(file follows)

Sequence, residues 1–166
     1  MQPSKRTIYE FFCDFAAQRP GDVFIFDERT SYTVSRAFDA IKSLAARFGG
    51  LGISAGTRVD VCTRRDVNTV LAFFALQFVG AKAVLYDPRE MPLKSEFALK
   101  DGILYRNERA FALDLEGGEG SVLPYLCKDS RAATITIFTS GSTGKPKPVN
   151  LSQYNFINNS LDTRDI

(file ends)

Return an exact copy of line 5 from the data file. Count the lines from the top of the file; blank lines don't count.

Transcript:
   151  LSQYNFINNS LDTRDI